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General

8 Effective Ways to Keep Your Partner Interested

Being in a relationship involves time, commitment, patience, a willingness to forgive, an openness and vulnerability, and giving without expectation of anything in return. This sounds like a lot of work and it is, but the potential rewards are well worth the effort. Yet even as you work at your relationship, you also need to endeavor to keep it fresh. Here are eight tips for doing so:

Make an effort to be present.
You might think that being in the same room with your partner is enough to be present. But that doesn’t hold true in a society where it’s easier to text than communicate even when two people are in the same room. Everyone’s buried in their electronic devices. Put the devices on mute. Your physical presence is one way to keep your partner interested, but there’s more at stake than simply occupying space.

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Anger

3 Ways Fighting Can Actually Help Your Relationship

Have it out! It's good for you.

There's something wholesome and good to be said for couples that never ever fight with each other -- I just don't know what it is. That hasn't been my experience so I really can't say whether that makes any particular love affair better.

My guess is that couples who never argue or have it out are probably building up a good head of steam inside themselves. Human nature -- even for the most zen among us -- seems to dictate that we speak our minds rather than bite our lips. The world doesn't move forward on the backs of lip biters.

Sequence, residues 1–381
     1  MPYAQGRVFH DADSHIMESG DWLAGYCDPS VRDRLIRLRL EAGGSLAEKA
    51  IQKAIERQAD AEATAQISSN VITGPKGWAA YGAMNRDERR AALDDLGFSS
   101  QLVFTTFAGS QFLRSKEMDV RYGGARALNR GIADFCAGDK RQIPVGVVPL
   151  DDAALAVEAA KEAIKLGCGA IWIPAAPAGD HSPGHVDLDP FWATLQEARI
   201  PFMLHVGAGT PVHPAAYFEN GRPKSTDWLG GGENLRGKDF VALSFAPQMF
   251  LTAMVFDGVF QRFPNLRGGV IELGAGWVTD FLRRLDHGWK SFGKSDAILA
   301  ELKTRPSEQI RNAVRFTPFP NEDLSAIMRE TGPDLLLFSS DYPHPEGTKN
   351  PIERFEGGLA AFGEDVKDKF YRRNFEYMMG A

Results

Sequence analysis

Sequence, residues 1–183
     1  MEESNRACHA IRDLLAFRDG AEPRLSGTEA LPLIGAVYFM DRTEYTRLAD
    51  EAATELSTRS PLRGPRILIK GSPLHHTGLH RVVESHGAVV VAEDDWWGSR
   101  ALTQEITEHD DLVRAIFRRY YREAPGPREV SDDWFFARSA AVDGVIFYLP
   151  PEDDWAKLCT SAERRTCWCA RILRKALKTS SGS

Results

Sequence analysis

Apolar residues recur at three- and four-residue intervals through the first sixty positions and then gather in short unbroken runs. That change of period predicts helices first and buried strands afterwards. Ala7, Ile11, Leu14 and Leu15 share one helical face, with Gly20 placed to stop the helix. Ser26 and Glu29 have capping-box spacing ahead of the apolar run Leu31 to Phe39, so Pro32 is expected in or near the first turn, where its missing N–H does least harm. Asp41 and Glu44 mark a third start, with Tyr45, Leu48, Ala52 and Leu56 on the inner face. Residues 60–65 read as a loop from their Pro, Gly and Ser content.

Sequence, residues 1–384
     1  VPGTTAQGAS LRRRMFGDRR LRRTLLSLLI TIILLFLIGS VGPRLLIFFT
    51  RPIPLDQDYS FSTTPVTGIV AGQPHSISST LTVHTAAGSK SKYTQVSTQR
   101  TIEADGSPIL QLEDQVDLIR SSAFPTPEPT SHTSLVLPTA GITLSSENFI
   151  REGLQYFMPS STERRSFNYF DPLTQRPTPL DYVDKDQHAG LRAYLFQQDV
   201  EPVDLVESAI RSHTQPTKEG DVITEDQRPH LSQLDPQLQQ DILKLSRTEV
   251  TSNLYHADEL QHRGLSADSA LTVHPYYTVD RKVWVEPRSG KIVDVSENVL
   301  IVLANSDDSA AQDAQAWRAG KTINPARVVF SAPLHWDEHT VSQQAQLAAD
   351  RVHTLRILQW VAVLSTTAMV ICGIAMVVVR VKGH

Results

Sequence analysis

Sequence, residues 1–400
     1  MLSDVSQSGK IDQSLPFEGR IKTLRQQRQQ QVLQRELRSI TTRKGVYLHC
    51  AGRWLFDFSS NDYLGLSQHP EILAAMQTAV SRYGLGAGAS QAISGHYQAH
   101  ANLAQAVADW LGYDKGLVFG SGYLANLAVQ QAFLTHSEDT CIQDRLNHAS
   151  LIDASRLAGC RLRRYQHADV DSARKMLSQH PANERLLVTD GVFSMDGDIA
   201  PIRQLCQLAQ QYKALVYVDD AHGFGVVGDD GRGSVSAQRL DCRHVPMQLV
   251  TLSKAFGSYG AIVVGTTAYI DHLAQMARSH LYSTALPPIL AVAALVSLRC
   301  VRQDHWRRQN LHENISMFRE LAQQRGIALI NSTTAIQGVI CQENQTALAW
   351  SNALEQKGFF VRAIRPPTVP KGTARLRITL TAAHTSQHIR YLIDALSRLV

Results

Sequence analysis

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Friends

The One Word that Can Kill a Friendship

There’s this word you use all the time. It’s a seemingly harmless word -- it’s close to meaningless, really -- but it’s slowly, subversively tainting your relationships. Look back over any recent texts and emails you’ve sent to friends. If they look something like this, you’re caught on this word’s lure.

“I’d love to hang out! But I’m really busy.”

“Sorry I didn’t get back to you earlier! I’ve been so busy.”

“What’s going on with me? Just busy as usual!”
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General

3 Myths about Healthy Marriages that Most People Think Are True

There are many myths about what a healthy marriage looks and feels like. When we start seeing these myths as facts, we get into problematic territory. Many myths create unrealistic standards, which when we bring into our homes and apply to our relationship can hinder them. For instance, if you think you should only attend therapy when your problems are dire, you might be waiting way too long.

Below, Lena Aburdene Derhally, MS, LPC, a psychotherapist and relationship expert, shared three myths and the associated facts, along with several practical tips.
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General

How to Recover from Failure

You create a presentation that does not go well. You launch a product that only 10 people buy. Your relationship is over. You don’t get the promotion or new job you really wanted. You get fired. You do something else, and feel like you’ve fallen flat on your face.

Understandably, you’re devastated. After all, you failed.

But failure doesn’t have to be a demoralizing letdown, a crushing catastrophe or a window into some bleak future. Because failure is what we make of it.